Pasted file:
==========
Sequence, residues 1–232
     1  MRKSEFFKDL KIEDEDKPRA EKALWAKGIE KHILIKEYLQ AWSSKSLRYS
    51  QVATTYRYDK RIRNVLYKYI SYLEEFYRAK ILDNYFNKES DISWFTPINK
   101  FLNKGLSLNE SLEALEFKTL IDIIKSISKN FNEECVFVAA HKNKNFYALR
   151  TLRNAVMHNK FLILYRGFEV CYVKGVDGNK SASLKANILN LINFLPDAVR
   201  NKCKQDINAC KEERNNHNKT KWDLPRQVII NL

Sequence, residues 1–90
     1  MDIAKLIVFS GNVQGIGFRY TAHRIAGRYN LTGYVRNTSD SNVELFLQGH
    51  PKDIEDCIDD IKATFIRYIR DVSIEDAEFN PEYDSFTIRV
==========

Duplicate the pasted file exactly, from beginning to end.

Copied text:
Sequence, residues 1–232
     1  MRKSEFFKDL KIEDEDKPRA EKALWAKGIE KHILIKEYLQ AWSSKSLRYS
    51  QVATTYRYDK RIRNVLYKYI SYLEEFYRAK ILDNYFNKES DISWFTPINK
   101  FLNKGLSLNE SLEALEFKTL IDIIKSISKN FNEECVFVAA HKNKNFYALR
   151  TLRNAVMHNK FLILYRGFEV CYVKGVDGNK SASLKANILN LINFLPDAVR
   201  NKCKQDINAC KEERNNHNKT KWDLPRQVII NL

Sequence, residues 1–90
     1  MDIAKLIVFS GNVQGIGFRY TAHRIAGRYN LTGYVRNTSD SNVELFLQGH
    51  PKDIEDCIDD IKATFIRYIR DVSIEDAEFN PEYDSFTIRV